The Chowk is among MGF Mall’s latest crop of eateries, many of the original ones having faded away into oblivion, but then, that is the malaise that affects all of Gurgaon. This restaurant is reportedly a branch of Khaaja Chowk, in another mall down the same road. This avatar has none of the exuberance of its country cousin, but it does have a touch of kitsch and funkiness, although vastly sobered down from the riotous street art of Khaaja Chowk. What is undoubted is that The Chowk has ridiculously low prices and sky high standards, and it makes it an excellent choice for a North Indian meal with a twist, especially for those who live that side of town.
The menu is largely North Indian, but that includes a couple of Kayasth offerings and a Lucknavi kebab or two in addition to Punjabi favourites. Rara Gosht (Rs 250) was cooked the correct way, both mince and botis being sautéed in spices together. All too often, restaurants that are more bothered about the convenience of their cook rather than guests’ satisfaction, combine the two at the last minute, so that though the spices seep into the mince, the botis taste bland.
However, it was Kofta Magaz Curry (Rs 250) that was my favourite. Most restaurant preparations smash up the brain; The Chowk leaves it in chunks and combines it with a surprising element: koftas. It is the kind of dish you would expect your Kayasth friend’s mother to make at home, but it is very welcome in a restaurant menu.
Also of a high standard is the Murgh Makhani (Rs 250), to my mind, an important indicator of a restaurant’s quality. It is, after all, the single dish that gets ordered the most, after kali dal. The Chowk’s version is full-bodied, creamy and has a hint of tartness.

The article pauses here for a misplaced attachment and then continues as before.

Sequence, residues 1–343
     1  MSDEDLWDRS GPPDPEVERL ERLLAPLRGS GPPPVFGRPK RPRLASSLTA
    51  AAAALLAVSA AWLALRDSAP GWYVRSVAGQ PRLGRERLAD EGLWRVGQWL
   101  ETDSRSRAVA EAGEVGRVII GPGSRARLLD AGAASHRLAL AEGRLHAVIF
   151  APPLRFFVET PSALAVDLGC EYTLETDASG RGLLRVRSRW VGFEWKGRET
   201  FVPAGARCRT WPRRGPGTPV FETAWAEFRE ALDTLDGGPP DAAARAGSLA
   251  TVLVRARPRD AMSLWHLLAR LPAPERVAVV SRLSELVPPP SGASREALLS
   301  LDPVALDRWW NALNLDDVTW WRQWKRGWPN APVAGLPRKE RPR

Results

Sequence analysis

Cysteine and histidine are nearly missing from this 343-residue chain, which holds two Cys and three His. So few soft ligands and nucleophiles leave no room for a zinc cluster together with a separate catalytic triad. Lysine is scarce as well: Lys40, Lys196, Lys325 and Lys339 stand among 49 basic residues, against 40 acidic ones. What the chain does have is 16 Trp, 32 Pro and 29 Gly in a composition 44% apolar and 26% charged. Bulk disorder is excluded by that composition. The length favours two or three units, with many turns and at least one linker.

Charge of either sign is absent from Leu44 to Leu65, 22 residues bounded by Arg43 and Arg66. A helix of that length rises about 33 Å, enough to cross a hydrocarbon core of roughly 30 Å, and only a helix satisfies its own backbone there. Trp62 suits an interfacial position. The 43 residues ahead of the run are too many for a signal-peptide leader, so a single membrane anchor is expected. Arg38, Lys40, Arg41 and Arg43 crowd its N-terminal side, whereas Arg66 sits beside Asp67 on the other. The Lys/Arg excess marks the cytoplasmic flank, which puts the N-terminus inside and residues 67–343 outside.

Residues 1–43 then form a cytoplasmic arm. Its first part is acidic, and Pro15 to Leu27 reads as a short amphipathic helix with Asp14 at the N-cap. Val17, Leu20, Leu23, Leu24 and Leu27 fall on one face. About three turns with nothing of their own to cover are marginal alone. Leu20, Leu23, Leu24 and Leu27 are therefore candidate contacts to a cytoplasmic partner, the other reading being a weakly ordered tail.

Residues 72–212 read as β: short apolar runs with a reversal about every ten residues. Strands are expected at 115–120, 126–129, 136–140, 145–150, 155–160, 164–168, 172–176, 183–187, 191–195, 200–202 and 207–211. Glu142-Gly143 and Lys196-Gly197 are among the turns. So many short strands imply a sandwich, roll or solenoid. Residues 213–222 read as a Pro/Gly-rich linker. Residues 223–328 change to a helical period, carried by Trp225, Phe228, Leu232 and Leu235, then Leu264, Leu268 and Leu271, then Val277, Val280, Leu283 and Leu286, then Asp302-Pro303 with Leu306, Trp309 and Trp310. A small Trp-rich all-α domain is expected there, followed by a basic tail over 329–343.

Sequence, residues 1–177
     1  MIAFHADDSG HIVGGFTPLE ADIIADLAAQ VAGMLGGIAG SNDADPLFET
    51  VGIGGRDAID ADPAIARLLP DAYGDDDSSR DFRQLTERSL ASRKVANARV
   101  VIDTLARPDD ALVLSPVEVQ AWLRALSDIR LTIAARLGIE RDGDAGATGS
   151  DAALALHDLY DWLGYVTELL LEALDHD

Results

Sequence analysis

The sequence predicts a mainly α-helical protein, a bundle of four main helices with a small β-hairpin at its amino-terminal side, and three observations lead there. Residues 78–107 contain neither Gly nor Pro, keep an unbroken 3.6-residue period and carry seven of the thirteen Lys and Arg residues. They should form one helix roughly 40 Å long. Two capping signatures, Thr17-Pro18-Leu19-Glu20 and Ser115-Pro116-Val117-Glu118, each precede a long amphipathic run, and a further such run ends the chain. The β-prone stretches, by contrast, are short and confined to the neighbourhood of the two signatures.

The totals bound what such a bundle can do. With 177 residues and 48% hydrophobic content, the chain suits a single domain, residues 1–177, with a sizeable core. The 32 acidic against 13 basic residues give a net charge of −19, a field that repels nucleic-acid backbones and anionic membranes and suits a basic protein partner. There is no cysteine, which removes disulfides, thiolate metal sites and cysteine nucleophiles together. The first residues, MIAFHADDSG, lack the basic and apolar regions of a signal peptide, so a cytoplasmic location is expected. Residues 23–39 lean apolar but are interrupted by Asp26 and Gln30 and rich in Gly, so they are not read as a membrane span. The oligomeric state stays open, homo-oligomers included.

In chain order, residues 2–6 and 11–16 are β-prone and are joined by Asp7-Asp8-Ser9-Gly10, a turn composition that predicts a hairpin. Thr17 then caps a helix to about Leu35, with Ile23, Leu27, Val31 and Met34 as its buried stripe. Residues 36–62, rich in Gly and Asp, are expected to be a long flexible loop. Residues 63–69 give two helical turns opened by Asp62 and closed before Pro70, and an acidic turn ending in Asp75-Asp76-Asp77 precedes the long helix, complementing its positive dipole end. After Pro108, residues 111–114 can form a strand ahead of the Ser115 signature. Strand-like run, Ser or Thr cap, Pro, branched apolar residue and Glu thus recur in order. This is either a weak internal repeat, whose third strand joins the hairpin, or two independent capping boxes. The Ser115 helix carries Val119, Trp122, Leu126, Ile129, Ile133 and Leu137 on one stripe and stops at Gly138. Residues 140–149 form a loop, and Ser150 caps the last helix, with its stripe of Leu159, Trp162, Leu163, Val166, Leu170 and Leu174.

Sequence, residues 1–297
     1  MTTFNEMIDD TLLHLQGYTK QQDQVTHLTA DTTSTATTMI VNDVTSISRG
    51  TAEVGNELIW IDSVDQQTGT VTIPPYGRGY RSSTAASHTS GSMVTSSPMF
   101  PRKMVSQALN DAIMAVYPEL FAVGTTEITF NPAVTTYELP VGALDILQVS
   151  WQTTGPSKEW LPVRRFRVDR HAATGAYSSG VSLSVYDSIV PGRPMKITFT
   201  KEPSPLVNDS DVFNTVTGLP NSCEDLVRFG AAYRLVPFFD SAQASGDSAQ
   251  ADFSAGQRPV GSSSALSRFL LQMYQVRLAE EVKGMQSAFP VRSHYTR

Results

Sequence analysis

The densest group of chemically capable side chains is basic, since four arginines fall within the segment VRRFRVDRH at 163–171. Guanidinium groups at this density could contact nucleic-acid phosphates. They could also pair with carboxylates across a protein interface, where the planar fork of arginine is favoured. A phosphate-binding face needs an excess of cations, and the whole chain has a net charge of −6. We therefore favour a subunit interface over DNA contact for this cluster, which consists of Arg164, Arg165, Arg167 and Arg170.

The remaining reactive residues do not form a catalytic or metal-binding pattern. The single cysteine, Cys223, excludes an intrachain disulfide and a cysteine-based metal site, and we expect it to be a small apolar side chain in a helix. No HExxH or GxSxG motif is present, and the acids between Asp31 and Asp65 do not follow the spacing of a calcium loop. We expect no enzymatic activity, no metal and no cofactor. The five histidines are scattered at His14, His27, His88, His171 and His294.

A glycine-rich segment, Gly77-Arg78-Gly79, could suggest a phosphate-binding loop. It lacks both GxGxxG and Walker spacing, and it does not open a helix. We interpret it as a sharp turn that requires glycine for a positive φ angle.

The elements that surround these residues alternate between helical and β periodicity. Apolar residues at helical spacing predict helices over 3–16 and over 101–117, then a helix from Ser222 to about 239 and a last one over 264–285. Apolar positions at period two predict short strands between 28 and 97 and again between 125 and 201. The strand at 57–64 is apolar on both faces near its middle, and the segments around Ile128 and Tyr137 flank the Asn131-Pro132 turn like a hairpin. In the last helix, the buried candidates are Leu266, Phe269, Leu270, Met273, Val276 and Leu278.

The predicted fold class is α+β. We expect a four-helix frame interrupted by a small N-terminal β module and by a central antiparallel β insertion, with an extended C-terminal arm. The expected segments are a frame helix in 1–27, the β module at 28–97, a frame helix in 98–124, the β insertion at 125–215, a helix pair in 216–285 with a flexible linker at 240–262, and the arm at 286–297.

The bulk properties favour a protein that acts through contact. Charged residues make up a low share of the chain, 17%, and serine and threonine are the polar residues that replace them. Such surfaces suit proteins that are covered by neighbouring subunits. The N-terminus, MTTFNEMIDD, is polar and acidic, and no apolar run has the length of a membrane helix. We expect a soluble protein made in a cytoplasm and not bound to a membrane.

On the menu, (which is strongly reminiscent of the one at Bukhara!) gravy dishes appear before kebabs – a downright eccentricity. The ones I tried were Murg Pankhi Kabab (Rs 220) and Kakori Kabab (Rs 225). While Murg Pankhi Kabab was good, it didn’t quite live up to the description on the menu: flattened chicken breast marinated with yogurt, poppy seeds, green chillies ground with figs. The one disappointment was the Kakori Kabab, in which the mince was not finely ground enough, the spicing was completely off-kilter and the succulence that comes from kidney fat entirely missing.
Of the vegetarian offerings, Besan ke Nimbu (Rs 125) was the most unusual: gramflour dumplings in a gram flour gravy a la kadhi, but with the addition of fresh lemon juice. Chowgra (Rs 125) was a continuation of the same theme: mixed vegetables cooked with yogurt and spices with a hint of lemon.
However, it was the Figs with Vanilla Ice Cream (Rs 125) that gets my vote for the simplest, most elegant dessert in the entire city. Figs have been quartered and poached in red wine and combined with ice-cream along with the poaching liquid.
3rd floor, Metropolitan Mall, MG Road
Open from 11 am to 11 pm
Average cost of a meal for two: Rs 500
Credit cards accepted; alcohol licence awaited